The government’s report on the results of this year’s FSA test results are confusing, and contradictory—and proves that such tests are completely unreliable as a means of assessing student progress. Scores are down dramatically from last year and the government claims that participation in the tests was up slightly.
In 2008, 70% to 74% of Grade 4 students were meeting or exceeding expectations; last year’s numbers were 77% to 90%. For Grade 7 students, the 2008 numbers are 69% to 71%, while last year they were 72% to 86%.
While education minister Shirley Bond attributes the difference to “testing methods,” the principal conclusion that can be drawn from the results is that such tests are virtually useless in assessing individual students. Unlike previous years, the score—zero—of those not taking the test were averaged into the results. The tests were done in midyear and the marking was inconsistent—done locally, not provincially. There was system-wide chaos in the computerized math and reading tests. Just how the government can now use these tests results given the dramatic differences from past years has not been explained. A school that actually improved year-to-year may have received a lower score.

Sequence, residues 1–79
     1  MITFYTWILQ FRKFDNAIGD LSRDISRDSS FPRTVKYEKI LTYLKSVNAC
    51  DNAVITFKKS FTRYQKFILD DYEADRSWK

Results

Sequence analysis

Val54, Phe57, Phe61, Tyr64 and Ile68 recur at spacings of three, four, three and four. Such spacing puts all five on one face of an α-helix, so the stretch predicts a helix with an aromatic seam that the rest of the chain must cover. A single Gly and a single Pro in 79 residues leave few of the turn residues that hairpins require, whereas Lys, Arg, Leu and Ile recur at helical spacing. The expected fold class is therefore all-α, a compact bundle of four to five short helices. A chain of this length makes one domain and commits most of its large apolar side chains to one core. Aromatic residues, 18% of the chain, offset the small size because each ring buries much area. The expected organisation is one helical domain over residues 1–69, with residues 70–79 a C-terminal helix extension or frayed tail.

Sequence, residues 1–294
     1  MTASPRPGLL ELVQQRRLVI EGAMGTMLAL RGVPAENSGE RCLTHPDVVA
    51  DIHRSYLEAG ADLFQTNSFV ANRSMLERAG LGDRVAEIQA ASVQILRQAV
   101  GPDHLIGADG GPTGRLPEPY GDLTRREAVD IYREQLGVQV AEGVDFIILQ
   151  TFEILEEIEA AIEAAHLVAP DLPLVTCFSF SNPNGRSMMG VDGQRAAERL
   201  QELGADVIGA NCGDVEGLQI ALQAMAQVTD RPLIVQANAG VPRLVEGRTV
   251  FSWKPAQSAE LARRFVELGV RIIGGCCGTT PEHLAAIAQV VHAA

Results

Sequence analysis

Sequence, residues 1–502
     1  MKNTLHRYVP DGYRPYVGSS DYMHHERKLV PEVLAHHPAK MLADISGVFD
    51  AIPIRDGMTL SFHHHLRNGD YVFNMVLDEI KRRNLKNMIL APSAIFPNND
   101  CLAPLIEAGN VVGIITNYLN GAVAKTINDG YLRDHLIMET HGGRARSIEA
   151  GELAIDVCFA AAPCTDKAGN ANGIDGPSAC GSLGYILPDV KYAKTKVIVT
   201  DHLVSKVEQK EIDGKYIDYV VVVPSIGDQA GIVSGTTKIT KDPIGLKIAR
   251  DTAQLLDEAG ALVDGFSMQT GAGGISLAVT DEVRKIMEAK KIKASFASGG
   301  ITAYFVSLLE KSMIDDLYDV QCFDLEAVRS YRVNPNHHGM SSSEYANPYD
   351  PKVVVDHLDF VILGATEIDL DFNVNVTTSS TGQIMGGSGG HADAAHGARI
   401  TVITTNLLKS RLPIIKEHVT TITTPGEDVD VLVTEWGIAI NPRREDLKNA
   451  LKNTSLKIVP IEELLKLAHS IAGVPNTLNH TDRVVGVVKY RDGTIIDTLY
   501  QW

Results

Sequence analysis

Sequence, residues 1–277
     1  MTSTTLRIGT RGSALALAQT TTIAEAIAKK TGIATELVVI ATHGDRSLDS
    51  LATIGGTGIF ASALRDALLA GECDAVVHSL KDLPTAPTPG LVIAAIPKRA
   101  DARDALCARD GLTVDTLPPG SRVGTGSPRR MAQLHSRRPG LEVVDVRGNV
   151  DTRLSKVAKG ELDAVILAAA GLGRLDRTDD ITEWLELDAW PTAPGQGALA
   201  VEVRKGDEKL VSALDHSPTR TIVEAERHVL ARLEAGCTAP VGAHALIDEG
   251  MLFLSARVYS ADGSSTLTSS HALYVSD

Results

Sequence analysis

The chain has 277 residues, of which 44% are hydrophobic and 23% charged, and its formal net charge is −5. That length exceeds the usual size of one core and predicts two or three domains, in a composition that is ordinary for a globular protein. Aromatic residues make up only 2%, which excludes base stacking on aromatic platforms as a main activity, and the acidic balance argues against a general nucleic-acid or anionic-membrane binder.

The report also claims that 91% took the tests, 2% more compared with last year. While at first blush, this might suggest the campaign to have parents try to exempt their children was ineffective, another factor was at play. Students who were in the past officially exempted—ESL students and those with special needs—were included this year.